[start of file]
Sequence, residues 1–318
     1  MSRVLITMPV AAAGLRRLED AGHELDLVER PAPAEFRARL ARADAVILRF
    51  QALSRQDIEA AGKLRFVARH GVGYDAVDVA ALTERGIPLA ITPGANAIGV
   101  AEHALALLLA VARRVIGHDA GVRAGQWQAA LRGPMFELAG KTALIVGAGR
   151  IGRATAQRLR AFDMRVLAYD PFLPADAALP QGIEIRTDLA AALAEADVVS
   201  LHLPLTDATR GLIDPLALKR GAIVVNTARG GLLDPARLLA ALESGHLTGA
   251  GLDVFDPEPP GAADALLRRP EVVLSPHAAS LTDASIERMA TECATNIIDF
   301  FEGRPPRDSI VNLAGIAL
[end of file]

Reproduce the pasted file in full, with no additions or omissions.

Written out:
Sequence, residues 1–318
     1  MSRVLITMPV AAAGLRRLED AGHELDLVER PAPAEFRARL ARADAVILRF
    51  QALSRQDIEA AGKLRFVARH GVGYDAVDVA ALTERGIPLA ITPGANAIGV
   101  AEHALALLLA VARRVIGHDA GVRAGQWQAA LRGPMFELAG KTALIVGAGR
   151  IGRATAQRLR AFDMRVLAYD PFLPADAALP QGIEIRTDLA AALAEADVVS
   201  LHLPLTDATR GLIDPLALKR GAIVVNTARG GLLDPARLLA ALESGHLTGA
   251  GLDVFDPEPP GAADALLRRP EVVLSPHAAS LTDASIERMA TECATNIIDF
   301  FEGRPPRDSI VNLAGIAL